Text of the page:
Seeing the angry, bitter Johnny attempt to function in a politically correct landscape where everyone is used to getting a participation trophy is priceless, allowing Zabka to go to comedic places as an actor that few thought he'd ever be afforded the opportunity to explore outside of a guest spot or viral video. Whether he's reacting to cyberbullying, ordering these kids to punch each other in the face, or telling a student on the autism spectrum to "get off it," we couldn't expect any less from Johnny, nor would we want to.

Johnny and Miguel
Zabka is terrific, and when he needs to get serious, he's even better, showing that as aggressive and downright dangerous as some of Johnny's tactics are, a real connection is being made with his star pupil, Miguel, whose confidence and ability seems to grow with each session. And Johnny seems to form a bond with him he never could with his real son, Robby, due to his various screw-ups through the years.

Sensei Lawrence will never be another Mr. Miyagi, extolling the virtues of "wax on, wax off,"  but he isn't exactly his sadistic former mentor John Kreese (Martin Kove), either. And even if he definitely needs to dial it back and is still a jerk clinging to sexist, racist attitudes, there may be something to his belief that these kids are being coddled to their detriment, providing yet another intriguing discussion point that stems from continuing the story decades later.

Now a father and prominent pillar in the community, Daniel LaRusso takes Cobra Kai's return as personally as possible, as if it's again contaminating the cozy world he's worked hard to create for himself, and has rightfully earned. But there's just this small hint of condescension in his interactions with Johnny and an insecurity that stems from his high school days that rears its head whenever their paths cross. He's still the same great guy, as a sub-plot involving his training of a new LaRusso Auto Group employee conveys, but his worst tendencies emerge when Johnny walks into his showroom.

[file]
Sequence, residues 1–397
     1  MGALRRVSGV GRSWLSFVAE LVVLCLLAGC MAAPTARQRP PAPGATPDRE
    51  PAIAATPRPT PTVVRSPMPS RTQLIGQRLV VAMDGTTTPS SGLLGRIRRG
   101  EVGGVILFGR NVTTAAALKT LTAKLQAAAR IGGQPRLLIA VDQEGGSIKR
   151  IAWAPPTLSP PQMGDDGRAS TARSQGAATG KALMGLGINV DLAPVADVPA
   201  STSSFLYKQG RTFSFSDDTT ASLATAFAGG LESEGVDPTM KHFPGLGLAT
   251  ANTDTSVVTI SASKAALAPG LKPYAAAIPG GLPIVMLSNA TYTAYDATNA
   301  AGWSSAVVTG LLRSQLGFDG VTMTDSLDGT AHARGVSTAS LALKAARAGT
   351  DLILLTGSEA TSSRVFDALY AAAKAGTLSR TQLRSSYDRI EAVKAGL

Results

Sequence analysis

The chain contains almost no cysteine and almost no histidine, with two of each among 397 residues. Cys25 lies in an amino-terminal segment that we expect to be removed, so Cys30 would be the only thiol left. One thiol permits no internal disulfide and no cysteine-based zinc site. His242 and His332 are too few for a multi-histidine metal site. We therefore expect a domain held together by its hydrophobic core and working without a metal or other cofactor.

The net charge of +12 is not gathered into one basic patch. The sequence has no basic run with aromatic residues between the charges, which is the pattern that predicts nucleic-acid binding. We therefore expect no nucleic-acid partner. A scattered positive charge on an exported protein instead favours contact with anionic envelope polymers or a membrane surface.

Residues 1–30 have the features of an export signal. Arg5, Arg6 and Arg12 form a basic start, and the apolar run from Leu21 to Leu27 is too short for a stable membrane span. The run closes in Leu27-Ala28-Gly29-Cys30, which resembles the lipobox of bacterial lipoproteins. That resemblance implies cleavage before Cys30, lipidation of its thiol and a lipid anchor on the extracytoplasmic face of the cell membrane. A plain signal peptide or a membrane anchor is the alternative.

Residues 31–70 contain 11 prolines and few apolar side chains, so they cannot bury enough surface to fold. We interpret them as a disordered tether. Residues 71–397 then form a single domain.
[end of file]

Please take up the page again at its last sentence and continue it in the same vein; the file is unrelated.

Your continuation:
Miguel wears a familiar costume in Ep. 1.3, "Esqueleto"
Daniel may still be noble, but he's not perfect, and can't really handle the fact his daughter Sam may no longer want to be "daddy's little girl," seemingly having outgrown karate and maybe even her own father. She's also a good kid who's temporarily fallen in with a questionable crowd, as the series becomes as much about her and Miguel, and the risk they'll both become collateral damage in a feud between two middle-aged men reliving their high school feud. Despite the Cobra Kai affiliation, Miguel's set up pretty early on as the heir apparent to Daniel's throne, only trained by his nemesis. But how will Sam prepare her dad for the news that the most important person in her life is a Cobra?